Chislehurst Junction

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Chislehurst Junction is an important railway junction near Chislehurst in the London Borough of Bromley, England. It is the point where the South Eastern Main Line and the Chatham Main Line pass over each other, with diversion chords between each line. These are arranged such that a London-bound train on one line can transfer to the other, and likewise for services heading away from the capital.


Before nationalisation[edit]

The railways previously passed over each other without a junction, until the merger of the London, Chatham and Dover Railway (LCDR) and the South Eastern Railway (SER) on 1 January 1899 meant it made operational sense to build connections between the previously disparate networks.[1] The first connection, the "down" Bickley Loop, opened on 8 September 1902 with a length of ¾ miles (1 km).[1] The reverse connection opened six days later.[1] These connecting loops allowed trains to/from London Victoria to operate on the former SER line.[1] The west and east ends of the loops became known as Bickley Junction and Orpington Junction respectively, named after the next stations on the line at the time.[1] The corresponding connection (the Chislehurst Loops), allowing transfer of Charing Cross trains to/from the Chatham line was, opened on 19 June 1904.[1]

From 1925 the Southern Railway — which had been formed in 1923 assuming the junction's previous owners — began to electrify the routes through the junction.[1] The first to be installed with a third rail was the Bickley Loop, on 12 July 1925.[1] This was followed by full electrification between Orpington Junction and Charing Cross on 28 February 1926. In connection with this wave of electrification, a three-storey red brick substation was installed, immediately to the north of the Chatham line and west of the Charing Cross line.[1]

The next electrification did not take place until 1935, when on 6 January the Chislehurst Loops became live along with the section of the line between Bickley and Swanley.[1] Electrification was further extended to Gillingham on 2 July 1939.[1]

In the meantime, a new station had been opened at Petts Wood, ⅓ mile (0.5 km) south of Orpington Junction, on 9 July 1928.[1] This eventually led to the renaming from Orpington Junction to Petts Wood Junction on 8 July 1936, in keeping with the practice of naming a junction after its closest station.[1]

The last development of the junction under the administration of the Southern Railway came in 1941, when bomb damage to a wooden signal box required its replacement with an austere flat-roofed brick construction.[1] The robust design of the new edifice was in reaction to the continued air raid threat.[1]

After nationalisation[edit]

Following the nationalisation of railways in Britain in 1948, major modification of the network took place.[2] Chislehurst Junction benefited in the form of the 1959 Kent Coast Electrification programme, which saw the Victoria-Chatham line quadrupled between Bickley and Swanley.[2] Semaphore signals were replaced throughout with colour light signals, which brought about the need for a "power box" at Chislehurst Junction, situated between the two mainline routes, on the west side of the South Eastern Main Line.[2] This assumed the functions of the mechanical signal boxes at Bickley, Chislehurst and Petts Wood junctions on 31 May 1959.[2]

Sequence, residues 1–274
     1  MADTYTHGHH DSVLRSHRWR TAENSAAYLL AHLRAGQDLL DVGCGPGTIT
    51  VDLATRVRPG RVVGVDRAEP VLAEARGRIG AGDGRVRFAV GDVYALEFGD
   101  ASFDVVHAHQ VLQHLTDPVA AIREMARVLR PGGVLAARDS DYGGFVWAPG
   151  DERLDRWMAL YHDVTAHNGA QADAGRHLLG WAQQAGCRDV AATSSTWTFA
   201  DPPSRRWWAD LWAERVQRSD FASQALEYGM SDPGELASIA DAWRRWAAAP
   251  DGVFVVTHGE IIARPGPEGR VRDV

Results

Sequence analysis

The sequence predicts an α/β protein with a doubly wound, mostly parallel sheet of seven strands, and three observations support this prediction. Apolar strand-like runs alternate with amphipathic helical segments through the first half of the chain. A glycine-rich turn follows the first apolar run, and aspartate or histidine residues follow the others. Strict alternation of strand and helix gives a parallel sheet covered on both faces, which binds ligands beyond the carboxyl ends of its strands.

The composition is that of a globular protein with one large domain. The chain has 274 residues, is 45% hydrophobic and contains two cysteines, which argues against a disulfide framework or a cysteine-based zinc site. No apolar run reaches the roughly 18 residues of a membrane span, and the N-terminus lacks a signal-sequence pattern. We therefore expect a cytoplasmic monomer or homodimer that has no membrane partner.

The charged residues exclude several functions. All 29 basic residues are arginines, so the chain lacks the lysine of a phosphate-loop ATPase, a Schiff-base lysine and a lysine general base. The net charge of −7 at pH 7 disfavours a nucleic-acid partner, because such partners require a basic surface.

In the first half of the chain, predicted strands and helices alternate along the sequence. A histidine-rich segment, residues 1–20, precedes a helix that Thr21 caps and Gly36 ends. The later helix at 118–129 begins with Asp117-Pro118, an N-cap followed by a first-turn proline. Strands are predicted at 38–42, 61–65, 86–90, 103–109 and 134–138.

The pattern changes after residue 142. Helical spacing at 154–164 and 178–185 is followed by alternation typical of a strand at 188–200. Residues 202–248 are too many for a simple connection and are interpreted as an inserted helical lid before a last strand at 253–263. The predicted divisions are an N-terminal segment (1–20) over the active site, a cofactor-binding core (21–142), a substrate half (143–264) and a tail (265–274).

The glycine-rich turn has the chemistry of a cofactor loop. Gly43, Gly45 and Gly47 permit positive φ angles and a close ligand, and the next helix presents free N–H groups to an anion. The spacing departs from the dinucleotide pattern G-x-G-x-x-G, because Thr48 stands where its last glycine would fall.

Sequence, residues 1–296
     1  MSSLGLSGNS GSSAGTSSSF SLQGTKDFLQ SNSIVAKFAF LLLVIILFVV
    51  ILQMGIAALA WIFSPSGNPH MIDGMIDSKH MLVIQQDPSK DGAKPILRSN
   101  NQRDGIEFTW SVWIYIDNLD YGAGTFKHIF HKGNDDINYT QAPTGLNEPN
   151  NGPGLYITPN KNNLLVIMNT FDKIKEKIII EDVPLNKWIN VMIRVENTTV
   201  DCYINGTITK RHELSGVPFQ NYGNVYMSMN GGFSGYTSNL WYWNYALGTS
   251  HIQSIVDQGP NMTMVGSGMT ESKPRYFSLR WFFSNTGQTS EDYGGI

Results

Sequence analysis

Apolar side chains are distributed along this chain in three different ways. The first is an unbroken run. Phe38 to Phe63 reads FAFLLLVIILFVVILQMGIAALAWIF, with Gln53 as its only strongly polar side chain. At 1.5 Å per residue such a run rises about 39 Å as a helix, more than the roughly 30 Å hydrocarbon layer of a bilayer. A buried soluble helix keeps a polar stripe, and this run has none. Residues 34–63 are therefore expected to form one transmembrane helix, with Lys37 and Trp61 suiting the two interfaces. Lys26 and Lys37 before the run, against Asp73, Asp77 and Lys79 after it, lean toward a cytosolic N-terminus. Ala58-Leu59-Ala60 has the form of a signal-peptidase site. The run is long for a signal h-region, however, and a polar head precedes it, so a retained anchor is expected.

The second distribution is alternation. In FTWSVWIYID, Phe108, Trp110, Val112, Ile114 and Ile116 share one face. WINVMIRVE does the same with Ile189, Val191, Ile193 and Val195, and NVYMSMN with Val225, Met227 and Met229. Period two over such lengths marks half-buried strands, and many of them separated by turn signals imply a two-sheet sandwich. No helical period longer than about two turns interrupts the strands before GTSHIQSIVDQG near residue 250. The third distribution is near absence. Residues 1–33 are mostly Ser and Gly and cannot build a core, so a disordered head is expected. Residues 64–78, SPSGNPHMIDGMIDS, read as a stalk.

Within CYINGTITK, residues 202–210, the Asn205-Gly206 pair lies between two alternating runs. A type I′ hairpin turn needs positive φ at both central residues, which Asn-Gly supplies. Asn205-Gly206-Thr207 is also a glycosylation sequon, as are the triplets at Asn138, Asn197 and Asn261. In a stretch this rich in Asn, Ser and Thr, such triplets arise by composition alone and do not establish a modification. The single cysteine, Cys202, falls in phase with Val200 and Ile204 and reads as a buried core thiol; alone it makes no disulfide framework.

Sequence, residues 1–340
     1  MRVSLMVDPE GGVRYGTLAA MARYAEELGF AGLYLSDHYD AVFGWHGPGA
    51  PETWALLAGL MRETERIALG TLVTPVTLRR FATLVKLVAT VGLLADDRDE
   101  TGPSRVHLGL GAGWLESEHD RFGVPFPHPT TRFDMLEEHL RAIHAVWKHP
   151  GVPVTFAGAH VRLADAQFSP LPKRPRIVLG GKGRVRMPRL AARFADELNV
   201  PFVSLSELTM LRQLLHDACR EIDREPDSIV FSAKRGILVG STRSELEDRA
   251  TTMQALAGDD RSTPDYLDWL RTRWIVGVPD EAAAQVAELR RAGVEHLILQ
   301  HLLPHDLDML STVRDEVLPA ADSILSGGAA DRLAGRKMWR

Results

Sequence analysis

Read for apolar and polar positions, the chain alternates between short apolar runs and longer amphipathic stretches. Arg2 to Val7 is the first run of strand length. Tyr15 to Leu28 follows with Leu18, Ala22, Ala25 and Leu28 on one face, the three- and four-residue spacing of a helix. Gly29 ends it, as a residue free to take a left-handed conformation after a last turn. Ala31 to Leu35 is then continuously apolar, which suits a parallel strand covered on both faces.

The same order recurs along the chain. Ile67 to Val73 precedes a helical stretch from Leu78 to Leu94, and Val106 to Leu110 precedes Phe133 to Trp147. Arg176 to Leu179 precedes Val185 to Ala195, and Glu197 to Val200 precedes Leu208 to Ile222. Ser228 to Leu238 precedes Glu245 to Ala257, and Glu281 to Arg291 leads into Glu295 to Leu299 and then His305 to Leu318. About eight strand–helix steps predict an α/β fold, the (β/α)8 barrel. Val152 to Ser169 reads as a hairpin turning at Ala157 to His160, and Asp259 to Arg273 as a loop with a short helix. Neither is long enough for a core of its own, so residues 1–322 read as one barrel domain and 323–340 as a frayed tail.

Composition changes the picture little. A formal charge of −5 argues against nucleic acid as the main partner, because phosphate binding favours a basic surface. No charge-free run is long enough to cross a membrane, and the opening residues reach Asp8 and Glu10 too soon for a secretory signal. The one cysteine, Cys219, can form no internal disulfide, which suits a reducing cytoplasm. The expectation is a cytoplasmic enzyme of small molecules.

As part of the same project, work was undertaken to modify the junctions in order to increase the speed limit.[2] The Bickley Loops were realigned to allow trains to pass through at 50 mph (80 km/h), instead of 30 mph (48 km/h) previously.[2] This realignment also required the reconstruction of the bridge which took the South Eastern Main Line over the Down Bickley Loop.[2]

The next modification to the signalling arrangement came in 1976, when the multi-panel London Bridge signal box became operational.[2] This allowed the reversible operation of the Down Chislehurst Loop.[2] The 1959-"power box" remained the primary control point for these lines in this area until 12 June 1983.[2] This date saw the expansion of Victoria Signalling Centre's scope of control as far as the boundary of Rochester signal box.[2] Chislehurst Junction signal box retained control over the South Eastern Main Line until 1993, when it was taken over as part of the gradual implementation of Ashford Signalling Centre.[2] Meanwhile, in 1992/1993, the "Up" and "Down" Bickley Loops were doubled to accommodate Eurostar operations, which began in earnest on 14 November 1994.[2] The new Down Slow Bickley Loop shares the same alignment as the Up Chislehurst where they pass under the South Eastern Main Line.[2] This created a new junction named Hawkwood Junction.[2]


Railway lines, being physical lines, are often conveniently used for administrative boundaries. The railway lines of Chislehurst Junction are used as the boundaries of three electoral wards, and three postcode districts in the BR postcode area, they are, Bickley, BR1 to the west, Chislehurst, BR7 to the north and Petts Wood, BR5 to the southeast; this also makes it the boundary between the two parliament constituencies, of Bromley and Chislehurst to the north and Orpington to the south.


  1. ^ a b c d e f g h i j k l m n o David Glasspool. "Chislehurst Junction (page 1)". Kent Rail. Retrieved 2007-07-07. 
  2. ^ a b c d e f g h i j k l m n o David Glasspool. "Chislehurst Junction (page 2)". Kent Rail. Retrieved 2007-07-07. 

Coordinates: 51°23′56″N 0°03′51″E / 51.399°N 0.0643°E / 51.399; 0.0643